An aid camp in southern Arizona once gave medical care to migrants on their journey across the border. Now it's been shut down.
Regents tout bump in college degrees
The Arizona Board of Regents is touting a survey that shows more adults in Arizona have received college degrees. As K-J-Z-Z’s Peter O’Dowd reports, the state still has a lot of catching up to do.
PETER O’DOWD: According to the 2011American Community Survey, 26.6 percent of adults earned a bachelor’s degree or higher. That’s up about a point from the year before. This is good news for the agency in charge of the state’s public universities.
RICK MYERS: There’s been significant advance in the last couple of years, but we’re still not at the national average.
O’DOWD: Rick Myers chairs the Board of Regents. He says the agency set a goal a few years ago to reach the national average in bachelor degree attainment – right now about 28.5 percent – by the year 2020. And Myers says Arizona has plenty of competition nearby.
RICK MYERS: Colorado is an example. They’re above the national average in education attainment and their average income is about $10,000 dollars a year higher than it is here in Arizona.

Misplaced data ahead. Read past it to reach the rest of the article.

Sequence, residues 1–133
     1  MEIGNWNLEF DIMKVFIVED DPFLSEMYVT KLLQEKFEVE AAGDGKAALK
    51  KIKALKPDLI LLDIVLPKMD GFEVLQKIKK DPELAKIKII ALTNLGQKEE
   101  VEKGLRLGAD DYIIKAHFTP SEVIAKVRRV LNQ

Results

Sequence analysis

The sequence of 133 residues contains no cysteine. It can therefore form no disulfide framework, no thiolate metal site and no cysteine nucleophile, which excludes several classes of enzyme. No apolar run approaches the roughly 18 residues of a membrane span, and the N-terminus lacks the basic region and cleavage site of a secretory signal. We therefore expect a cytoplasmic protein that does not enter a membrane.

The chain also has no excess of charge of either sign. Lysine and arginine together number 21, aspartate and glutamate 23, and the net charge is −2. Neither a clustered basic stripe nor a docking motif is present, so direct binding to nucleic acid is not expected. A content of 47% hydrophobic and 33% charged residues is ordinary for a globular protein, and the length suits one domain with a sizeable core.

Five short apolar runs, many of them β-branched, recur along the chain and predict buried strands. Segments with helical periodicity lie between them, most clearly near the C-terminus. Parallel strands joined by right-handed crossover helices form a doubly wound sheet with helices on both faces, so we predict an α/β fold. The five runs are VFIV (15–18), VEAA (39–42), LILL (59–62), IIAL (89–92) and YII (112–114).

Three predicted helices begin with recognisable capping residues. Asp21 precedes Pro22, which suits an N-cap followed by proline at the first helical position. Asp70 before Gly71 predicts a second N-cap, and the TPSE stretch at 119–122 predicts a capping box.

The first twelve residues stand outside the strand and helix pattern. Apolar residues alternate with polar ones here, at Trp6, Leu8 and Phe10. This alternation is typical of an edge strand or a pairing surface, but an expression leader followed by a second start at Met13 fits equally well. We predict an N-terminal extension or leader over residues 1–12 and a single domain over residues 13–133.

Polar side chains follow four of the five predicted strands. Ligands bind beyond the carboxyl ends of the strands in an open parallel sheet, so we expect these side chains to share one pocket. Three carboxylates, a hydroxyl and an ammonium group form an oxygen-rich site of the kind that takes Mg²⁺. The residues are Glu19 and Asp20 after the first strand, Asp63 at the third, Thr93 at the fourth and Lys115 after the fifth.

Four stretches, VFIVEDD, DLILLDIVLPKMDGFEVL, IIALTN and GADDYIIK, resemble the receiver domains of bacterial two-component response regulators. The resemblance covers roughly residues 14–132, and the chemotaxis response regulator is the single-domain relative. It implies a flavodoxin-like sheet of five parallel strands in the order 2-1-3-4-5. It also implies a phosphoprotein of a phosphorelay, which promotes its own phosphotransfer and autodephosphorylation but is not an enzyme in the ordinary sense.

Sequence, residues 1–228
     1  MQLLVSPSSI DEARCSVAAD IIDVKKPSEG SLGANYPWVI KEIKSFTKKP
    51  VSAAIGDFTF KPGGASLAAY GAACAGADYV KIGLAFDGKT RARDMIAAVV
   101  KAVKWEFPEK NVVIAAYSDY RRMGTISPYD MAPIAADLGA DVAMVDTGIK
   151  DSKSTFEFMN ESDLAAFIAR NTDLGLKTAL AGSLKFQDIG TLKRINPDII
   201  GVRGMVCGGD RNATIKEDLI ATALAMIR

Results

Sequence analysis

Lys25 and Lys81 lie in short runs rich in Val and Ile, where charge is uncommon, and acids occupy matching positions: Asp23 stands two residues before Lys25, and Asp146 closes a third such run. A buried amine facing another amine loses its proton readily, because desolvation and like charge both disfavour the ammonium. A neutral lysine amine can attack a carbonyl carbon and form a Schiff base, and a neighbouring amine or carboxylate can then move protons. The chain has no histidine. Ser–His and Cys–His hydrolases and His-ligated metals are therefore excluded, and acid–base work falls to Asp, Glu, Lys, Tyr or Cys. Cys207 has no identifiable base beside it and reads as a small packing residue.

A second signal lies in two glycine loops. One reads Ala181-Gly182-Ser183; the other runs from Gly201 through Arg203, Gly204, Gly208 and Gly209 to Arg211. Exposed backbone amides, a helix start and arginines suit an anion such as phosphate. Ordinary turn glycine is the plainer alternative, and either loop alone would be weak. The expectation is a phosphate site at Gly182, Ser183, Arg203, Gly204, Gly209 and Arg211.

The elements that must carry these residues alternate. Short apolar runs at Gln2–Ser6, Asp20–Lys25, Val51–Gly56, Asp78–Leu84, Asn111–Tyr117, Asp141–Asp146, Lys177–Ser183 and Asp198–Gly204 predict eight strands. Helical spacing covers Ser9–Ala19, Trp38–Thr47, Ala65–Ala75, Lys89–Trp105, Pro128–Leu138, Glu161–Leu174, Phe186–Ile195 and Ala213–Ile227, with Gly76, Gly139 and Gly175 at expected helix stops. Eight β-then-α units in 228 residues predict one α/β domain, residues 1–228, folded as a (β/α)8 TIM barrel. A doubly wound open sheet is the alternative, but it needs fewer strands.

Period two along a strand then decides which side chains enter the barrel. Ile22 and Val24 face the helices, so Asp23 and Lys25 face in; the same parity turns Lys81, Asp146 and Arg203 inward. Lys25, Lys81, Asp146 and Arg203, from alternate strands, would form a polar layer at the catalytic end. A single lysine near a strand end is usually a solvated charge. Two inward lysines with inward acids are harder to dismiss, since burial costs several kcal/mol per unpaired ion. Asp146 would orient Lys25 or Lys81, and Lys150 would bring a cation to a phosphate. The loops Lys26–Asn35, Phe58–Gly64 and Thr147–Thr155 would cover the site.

O’DOWD: Education experts say this link between education and a robust economy is crucial -- especially as the state tries for long-term economic diversity. Paul Luna is the president of the Arizona-based Helios Education Foundation.
PAUL LUNA: It will help to ensure we have a strong pipeline of a workforce prepared for the jobs we hope to see.
O’DOWD: Arizona’s three state universities give out about 22,000 bachelor’s degrees each year. The regents want to increase that number to about 30,000 by the year 2020. As the system grows, Myers says the universities must maintain quality.